Not much more to add than the info DuQues provided but here's another important bit of info about the lunar eclipse - you're gonne freeze your butts off!
But maybe now might be a good time to explain a little something about lunar eclipses in general. Unlike solar eclipses, the eclipse typically last much longer with a much slower onset and egress. Also, unlike solar eclipses, a lunar eclipse does not result in a complete invisibility of the moon but rather just an eerie red shadowy appearance of the moon.
The reason for this is that the moon is not obscured (like the sun is during a solar eclipse) but the sun's light that illuminates the moon is simply blocked off. Now you're asking "why then is the moon visible at all if no light falls on it?" and that's a very good question with a very interesting answer.
The moon appears reddish during full eclipse for the same reason a sunrise is reddish. If an astronaut would be standing on the moon during a total lunar eclipse he would see the earth gradually shifting in front of the sun, in much the same way we see the moon shifting in front of the sun during a solar eclipse. When the sun is fully eclipsed by the earth, Mr. Astronaut will see a reddish "sunrise" that extends all around the earth. I can imagine that would be a drop dead awesome sight to behold.
So that red light (which is red because all of the shorter wavelengths are absorbed by all of the earth's atmosphere that the light has to travel through) gets refracted inwards in the earth's atmosphere and then carries on to hit the moon.
Another thing that perhaps not everybody would know is that the moon can be eclipsed in two ways by the earth's shadow. This is best explained by a picture:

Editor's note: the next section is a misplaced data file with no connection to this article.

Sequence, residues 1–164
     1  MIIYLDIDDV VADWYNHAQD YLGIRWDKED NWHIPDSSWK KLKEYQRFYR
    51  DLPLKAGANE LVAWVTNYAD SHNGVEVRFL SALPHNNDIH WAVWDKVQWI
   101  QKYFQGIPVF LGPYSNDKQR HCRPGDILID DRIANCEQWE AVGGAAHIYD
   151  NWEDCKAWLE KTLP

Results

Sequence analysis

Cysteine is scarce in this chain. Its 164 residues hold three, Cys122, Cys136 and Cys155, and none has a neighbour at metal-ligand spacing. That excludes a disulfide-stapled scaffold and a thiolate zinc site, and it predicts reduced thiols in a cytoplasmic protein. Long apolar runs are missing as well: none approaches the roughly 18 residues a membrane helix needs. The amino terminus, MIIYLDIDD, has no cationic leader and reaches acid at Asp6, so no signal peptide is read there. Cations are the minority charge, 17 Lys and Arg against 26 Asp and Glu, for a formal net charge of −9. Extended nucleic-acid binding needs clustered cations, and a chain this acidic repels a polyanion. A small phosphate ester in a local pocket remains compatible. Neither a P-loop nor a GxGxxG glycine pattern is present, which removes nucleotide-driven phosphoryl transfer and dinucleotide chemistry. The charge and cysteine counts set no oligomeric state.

Notice how the earth has three types of shadows, an umbra, a penumbra and an antumbra. The antumbra is irrelevant in the discussion of lunar eclipses because the moon is too close to earth that it could ever move through the antumbra but during any total lunar eclipse the moon will first move through the penumbra and eventually cross through the umbra and eventually moves through the penumbra again. The period during which the entire moon falls inside the umbra is what is known as the total eclipse (or "totality").
With some lunar eclipses the moon never even touches the umbra. This is called a penumbral eclipse and is barely visible. Some eclipses the moon does move into the umbra but leaves it again before moving into it entirely (sort of just skims it). This is called a partial lunar eclipse.
The moment the moon first enters or leaves these various zones are referred to as the "eclipse contacts" and for the lunar eclipse of 15 Jun are as follows (in South African time):P1 = 19:24:33
(First contact, the moment the moon's leading edge touches and enters the earth's penumbral shadow. At this point nothing will be visible yet but the moon will gradually move into the penumbral shadow and get very slightly, almost imperceptibly, darker)U1 = 20:22:55
(Second contact, the moment the moon's leading edge touches and enters the earth's umbral shadow. This also happens to be, almost exactly, the point when the moon's trailing edge last touches the penumbral shadow - because of, what I consider, the most mind blowing coincidence in astronomy but that's another explanation which will take up too much space. At this point the moon will be completely covered by the earth's penumbral shadow. The eclipse will be almost imperceptible but this is the start of the umbral eclipse.)U2 = 21:22:29
(Third contact, the moment the moon's trailing edge touches and enters the earth's umbral shadow. This is the moment at which totality starts.)U3 = 23:02:41
(Fourth contact, the moment the moon's leading edge touches and enters the earth's penumbral shadow again, and exits the earth's umbral shadow. This is the moment at which totality ends.)U4 = 00:02:14
(Fifth contact, the moment the moon's trailing edge touches and exits the earth's umbral shadow. This is the moment at which the umbral eclipse is over.)P4 = 01:00:44
(Sixth contact or last contact, the moment the moon's trailing edge touches and exits the earth's penumbral shadow. The show is officially over.)
This image illustrates these contact points: